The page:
High Blood Pressure Dangers
Everyone wants a strong heart. But sometimes it can grow too strong for its own good. When your blood pressure rises, your heart must work extra hard to pump blood. The heart reacts by growing bigger – just as your biceps would if you started lifting weights. Unfortunately, bigger isn’t better where your heart is concerned. If the heart wall grows too large, it reduces the space inside your left ventricle (that’s the chamber within the heart that pumps blood into the bloodstream). This condition is known as left ventricular hypertrophy.
The enlarged heart muscle now needs additional blood to keep itself healthy. But because hypertension can lead to hardening of the arteries—especially the arteries in the heart itself—the muscle sometimes can’t get enough blood. The heart then becomes weaker, not stronger, since it can’t feed itself properly.
The result is a host of problems, ranging from chest pain called angina to irregular heartbeats, heart attack, and heart failure. Left ventricular hypertrophy occurs more often in men and overweight people, both of whom are more prone to heart disease to begin with. But when women develop the disorder, the results can be deadly. Researchers have discovered that women with left ventricular hypertrophy may be four times more likely to die of any cause (even those not related to heart problems) than women without the condition.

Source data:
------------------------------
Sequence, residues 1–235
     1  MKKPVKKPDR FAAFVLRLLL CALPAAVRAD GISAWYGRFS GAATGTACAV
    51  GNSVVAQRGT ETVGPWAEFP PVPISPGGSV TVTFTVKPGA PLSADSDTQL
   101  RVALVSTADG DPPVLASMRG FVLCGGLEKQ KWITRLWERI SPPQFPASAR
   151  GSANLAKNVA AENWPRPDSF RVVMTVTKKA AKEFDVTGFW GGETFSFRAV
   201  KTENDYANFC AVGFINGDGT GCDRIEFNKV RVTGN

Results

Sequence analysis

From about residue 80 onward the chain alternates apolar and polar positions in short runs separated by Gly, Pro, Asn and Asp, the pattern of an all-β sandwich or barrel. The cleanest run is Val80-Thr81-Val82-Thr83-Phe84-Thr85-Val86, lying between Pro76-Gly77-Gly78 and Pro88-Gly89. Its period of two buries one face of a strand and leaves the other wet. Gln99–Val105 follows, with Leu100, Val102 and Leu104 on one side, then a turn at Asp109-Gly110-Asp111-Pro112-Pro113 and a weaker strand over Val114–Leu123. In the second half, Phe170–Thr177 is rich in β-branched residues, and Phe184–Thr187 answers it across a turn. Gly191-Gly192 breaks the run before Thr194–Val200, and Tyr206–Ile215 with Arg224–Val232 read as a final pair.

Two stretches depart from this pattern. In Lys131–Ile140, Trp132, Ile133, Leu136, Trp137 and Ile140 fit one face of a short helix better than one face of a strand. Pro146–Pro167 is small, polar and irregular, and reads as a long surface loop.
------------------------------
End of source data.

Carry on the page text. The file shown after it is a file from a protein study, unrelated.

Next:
Reducing high blood pressure may stop dangerous growth of the heart muscle and may even reduce the muscle’s size. So it’s essential that you work to lower your pressure to avoid further problems from left ventricular hypertrophy.
An enlarged heart is not the only possibility of damage. Your eyes also can be affected. Your eyes are very sensitive to hypertension, since they have extremely fine arteries feeding blood to them. Left unchecked, high blood pressure can greatly damage these delicate blood vessels. The walls of the arteries grow thicker so that they can handle the additional pressure from the bloodstream. This in turn causes the arteries to narrow. When this happens, blockages can occur – or the arteries may hemorrhage, causing blood to leak into the eyes. Either way, this can harm the optic nerves and cause partial loss of vision.
The higher your blood pressure and the longer it’s left untreated, the higher the possibility of eye damage. Fortunately, lowering your pressure can actually help reverse some of the harm. Be sure to tell your eye doctor about your condition, so he can monitor your eyes for signs of damage.